Glossopharyngeal neuralgia causes damage to the ninth cranial nerve. This causes patients to experience extreme pain in the back of the throat, tongue and ear. Although the exact cause is not known, but usually a blood vessel is present that causes damage to the nerve. Medications usually initially relieve the pain, but other medical procedures and surgery can also be used to relieve nerve pain.
- Epidemiology of nervous disorder
- Causes and risk factors: Damage to nerve
- Risk factors: Compression of nerve by tumor or blood vessel
- Symptoms: Attacks of nerve pain on the face
- Ninth cranial nerve
- Tenth cranial nerve
- Diagnosis and examinations
- Treatment of glossopharyngeal neuralgia
- Prognosis of condition
Epidemiology of nervous disorder
Glossopharyngeal neuralgia is a rare condition. The symptoms of glossopharyngeal neuralgia usually begin in people over 50. Women are slightly more likely than men to suffer from this form of facial pain.
Causes and risk factors: Damage to nerve
Glossopharyngeal neuralgia is the result of irritation of the ninth cranial nerve: the glossopharyngeal nerve. The glossopharyngeal nerve is the ninth (IX) cranial nerve, which arises from the brain stem in the skull. The nerve supplies sensation to the back of the throat and tongue and parts of the ear. The exact cause of glossopharyngeal neuralgia is not known (October 2020).
Risk factors: Compression of nerve by tumor or blood vessel
There is usually a blood vessel present that compresses the nerve. A tumor at the base of the skull that presses on the glossopharyngeal nerve is also a risk factor. Tumors or infections of the throat and mouth that press on the glossopharyngeal nerve are other risk factors. Patients with throat cancer or neck cancer are also more likely to be affected by this nerve disorder. Finally, aging and multiple sclerosis are other factors that increase the risk of nerve disease.
Symptoms: Attacks of nerve pain on the face
Ninth cranial nerve
Glossopharyngeal neuralgia involves repeated episodes of severe burning or pricking pain in the face, more specifically in the tongue (tongue pain), the throat (sore throat), the ears (ear pain in the external auditory canal), the tonsils or the area below the angle of the jaw ( jaw pain). The nerve pain usually affects one side of the throat, but one in four patients affects both sides. These attacks of intense stabbing, shooting, and sharp pain (which feel like electric shocks) often appear without warning, or alternatively they occur when swallowing, chewing, talking, coughing, yawning, or laughing. The episodes last from several seconds to several minutes. The attacks return over several days or weeks and then the patient enters a remission of several months or years with no symptoms.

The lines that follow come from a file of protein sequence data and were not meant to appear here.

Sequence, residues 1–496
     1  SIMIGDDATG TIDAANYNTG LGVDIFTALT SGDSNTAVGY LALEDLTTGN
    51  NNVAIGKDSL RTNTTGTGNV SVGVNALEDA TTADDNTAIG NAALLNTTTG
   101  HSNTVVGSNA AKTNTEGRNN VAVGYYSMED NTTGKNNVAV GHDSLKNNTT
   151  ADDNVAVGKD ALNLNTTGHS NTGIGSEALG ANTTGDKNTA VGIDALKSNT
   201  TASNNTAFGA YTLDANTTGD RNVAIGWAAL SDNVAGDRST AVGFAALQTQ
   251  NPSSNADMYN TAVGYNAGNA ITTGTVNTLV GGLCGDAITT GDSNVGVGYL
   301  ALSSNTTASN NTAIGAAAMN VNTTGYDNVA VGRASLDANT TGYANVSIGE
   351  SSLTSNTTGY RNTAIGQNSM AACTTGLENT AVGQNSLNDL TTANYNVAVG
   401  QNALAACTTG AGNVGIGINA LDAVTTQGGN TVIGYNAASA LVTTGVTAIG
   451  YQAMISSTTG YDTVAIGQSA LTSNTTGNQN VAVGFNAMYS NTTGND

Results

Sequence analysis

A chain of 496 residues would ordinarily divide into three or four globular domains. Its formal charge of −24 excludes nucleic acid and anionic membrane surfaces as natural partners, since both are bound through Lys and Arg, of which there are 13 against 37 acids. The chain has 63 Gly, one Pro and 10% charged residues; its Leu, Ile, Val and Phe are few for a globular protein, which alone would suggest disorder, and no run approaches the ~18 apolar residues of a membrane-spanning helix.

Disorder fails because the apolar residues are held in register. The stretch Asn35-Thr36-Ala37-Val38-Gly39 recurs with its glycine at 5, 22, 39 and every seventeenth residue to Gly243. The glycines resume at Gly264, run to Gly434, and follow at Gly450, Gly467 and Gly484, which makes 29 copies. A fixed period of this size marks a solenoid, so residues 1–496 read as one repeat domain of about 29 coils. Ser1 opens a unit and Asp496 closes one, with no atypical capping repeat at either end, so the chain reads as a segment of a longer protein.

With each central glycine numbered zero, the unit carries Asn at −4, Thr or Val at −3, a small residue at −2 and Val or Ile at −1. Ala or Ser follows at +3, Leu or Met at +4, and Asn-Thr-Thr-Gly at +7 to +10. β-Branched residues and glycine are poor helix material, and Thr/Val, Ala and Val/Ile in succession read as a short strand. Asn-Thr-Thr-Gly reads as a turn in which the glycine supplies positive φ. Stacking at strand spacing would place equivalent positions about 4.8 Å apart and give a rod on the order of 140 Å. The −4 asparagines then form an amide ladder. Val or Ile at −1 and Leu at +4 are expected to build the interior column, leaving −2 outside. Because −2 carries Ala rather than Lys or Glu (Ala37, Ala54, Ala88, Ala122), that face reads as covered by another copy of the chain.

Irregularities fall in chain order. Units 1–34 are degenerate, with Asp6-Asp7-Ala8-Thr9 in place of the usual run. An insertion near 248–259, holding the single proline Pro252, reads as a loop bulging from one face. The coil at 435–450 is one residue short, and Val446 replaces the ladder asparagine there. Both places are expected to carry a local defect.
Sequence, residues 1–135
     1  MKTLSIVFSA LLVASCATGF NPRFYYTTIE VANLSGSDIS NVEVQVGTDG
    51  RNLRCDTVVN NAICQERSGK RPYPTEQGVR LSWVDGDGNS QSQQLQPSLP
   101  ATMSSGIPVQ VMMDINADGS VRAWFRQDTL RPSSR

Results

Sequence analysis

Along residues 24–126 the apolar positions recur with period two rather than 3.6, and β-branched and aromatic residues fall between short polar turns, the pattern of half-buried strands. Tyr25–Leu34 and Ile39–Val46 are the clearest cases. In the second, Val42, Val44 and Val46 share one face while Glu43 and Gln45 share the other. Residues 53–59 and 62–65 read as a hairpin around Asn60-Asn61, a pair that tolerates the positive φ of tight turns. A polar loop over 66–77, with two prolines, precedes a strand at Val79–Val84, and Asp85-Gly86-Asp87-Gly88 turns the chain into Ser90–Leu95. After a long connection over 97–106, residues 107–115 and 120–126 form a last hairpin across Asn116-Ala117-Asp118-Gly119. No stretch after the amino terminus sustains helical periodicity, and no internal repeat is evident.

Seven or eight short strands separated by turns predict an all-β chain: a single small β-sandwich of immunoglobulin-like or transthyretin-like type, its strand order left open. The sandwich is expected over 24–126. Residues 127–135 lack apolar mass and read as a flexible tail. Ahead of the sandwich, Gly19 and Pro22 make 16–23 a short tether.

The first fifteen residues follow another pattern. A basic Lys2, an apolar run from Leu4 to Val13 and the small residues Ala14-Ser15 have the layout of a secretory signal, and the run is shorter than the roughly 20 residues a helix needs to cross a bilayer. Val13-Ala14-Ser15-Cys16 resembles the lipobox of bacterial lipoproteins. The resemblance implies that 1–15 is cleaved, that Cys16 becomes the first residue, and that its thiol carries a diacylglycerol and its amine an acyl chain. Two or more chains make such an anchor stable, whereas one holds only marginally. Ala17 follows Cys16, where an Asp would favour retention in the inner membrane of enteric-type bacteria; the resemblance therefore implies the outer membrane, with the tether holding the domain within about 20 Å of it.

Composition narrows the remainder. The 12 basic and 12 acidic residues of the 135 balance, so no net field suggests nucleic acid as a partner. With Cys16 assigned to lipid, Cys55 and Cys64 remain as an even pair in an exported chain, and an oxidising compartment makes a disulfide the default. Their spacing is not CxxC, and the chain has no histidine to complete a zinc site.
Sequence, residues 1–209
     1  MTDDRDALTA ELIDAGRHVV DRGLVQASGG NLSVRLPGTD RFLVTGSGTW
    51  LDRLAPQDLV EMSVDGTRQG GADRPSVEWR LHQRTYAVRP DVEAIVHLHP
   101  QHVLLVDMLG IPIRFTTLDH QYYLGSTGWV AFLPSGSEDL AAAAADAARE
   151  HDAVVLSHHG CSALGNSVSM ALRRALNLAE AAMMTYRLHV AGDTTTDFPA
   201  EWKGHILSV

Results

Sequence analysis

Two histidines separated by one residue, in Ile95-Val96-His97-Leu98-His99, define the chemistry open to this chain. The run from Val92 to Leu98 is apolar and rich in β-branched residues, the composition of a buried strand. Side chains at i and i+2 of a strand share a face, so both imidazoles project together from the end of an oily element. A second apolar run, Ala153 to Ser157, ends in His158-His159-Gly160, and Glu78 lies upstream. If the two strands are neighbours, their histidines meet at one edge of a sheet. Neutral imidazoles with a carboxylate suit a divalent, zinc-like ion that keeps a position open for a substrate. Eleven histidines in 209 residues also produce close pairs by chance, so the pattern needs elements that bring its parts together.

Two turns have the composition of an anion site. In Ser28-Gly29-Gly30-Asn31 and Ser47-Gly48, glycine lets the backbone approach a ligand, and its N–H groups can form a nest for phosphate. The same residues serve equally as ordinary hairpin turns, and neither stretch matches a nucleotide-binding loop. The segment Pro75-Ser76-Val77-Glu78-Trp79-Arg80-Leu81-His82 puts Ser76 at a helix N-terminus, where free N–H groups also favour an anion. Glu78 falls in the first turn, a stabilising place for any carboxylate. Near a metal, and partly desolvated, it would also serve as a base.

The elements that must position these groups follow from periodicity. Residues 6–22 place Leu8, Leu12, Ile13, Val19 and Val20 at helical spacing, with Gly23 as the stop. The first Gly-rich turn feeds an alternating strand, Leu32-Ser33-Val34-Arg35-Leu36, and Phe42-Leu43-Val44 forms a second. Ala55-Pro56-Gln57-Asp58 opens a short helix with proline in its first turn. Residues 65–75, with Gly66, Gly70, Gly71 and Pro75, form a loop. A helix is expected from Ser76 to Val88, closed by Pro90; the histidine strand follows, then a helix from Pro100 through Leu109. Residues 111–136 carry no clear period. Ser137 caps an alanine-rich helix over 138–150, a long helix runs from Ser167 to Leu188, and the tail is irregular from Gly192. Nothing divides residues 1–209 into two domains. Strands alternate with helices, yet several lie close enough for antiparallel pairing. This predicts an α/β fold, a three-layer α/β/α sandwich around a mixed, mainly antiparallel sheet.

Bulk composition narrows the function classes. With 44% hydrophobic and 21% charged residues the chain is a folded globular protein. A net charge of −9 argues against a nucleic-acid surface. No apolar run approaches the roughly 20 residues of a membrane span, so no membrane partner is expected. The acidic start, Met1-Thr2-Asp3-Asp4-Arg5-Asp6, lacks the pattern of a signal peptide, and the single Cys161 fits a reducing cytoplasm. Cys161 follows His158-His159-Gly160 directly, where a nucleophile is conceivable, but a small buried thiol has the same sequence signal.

Tenth cranial nerve
Approximately 10% of patients develop potentially life-threatening episodes of heart defects because the nearby vagus nerve (the tenth (X) cranial nerve) is also affected. A slow pulse, a sudden drop in blood pressure, fainting (syncope) and seizures are possible symptoms.
Diagnosis and examinations
Physical examination A doctor touches the back of the throat with a cotton swab to try to provoke an attack of pain. If this causes pain, the doctor will apply a local anesthetic to the back of the throat and repeat the pain stimulus. If the pain is not triggered while the area is numb, the doctor will diagnose glossopharyngeal neuralgia.Diagnostic examination The doctor sometimes uses an MRI scan or MRA scan to detect tumors or to visualize a blood vessel that compresses the nerve.Differential diagnosis Glossopharyngeal pain is comparable to trigeminal neuralgia (facial pain with shooting pains) and therefore a doctor sometimes makes the wrong diagnosis. A neurosurgeon who specializes in facial pain is best placed to make the distinction.
Treatment of glossopharyngeal neuralgia
Many treatments are available to relieve facial pain caused by glossopharyngeal neuralgia. The doctor uses medications (anticonvulsants), a needle procedure, radiotherapy and/or surgery. He usually prescribes medication first, and only if this does not help or if serious side effects occur does the doctor discuss other procedures with the patient. Occasionally, surgery (microvascular decompression) is the only treatment option. The surgery does carry a small risk of swallowing problems, unilateral hearing loss, stroke (insufficient blood supply to the brain), imbalance, pain in the area of the incision (surgical incision), and a cerebrospinal fluid leak or infection.
Prognosis of condition
The patient initially feels short, mild attacks, with periods of remission (no symptoms present). However, glossopharyngeal neuralgia may be progressive, causing longer, frequent attacks of burning pain.
- Facial pain: Causes of facial pain
- Nerve pain (neuralgia): Pain due to nerve damage
- Sore Throat: Causes of Sore Throat (Sore Throat)
- Tongue pain: Causes of sore tongue (tongue pain)
- Neuropathic pain: Pain due to damage to the nervous system